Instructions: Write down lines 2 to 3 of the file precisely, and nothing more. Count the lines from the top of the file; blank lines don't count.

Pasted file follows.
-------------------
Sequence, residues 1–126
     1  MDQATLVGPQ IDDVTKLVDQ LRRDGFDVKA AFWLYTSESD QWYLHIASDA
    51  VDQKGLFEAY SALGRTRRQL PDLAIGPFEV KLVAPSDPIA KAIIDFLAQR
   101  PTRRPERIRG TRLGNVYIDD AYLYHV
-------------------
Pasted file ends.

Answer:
     1  MDQATLVGPQ IDDVTKLVDQ LRRDGFDVKA AFWLYTSESD QWYLHIASDA
    51  VDQKGLFEAY SALGRTRRQL PDLAIGPFEV KLVAPSDPIA KAIIDFLAQR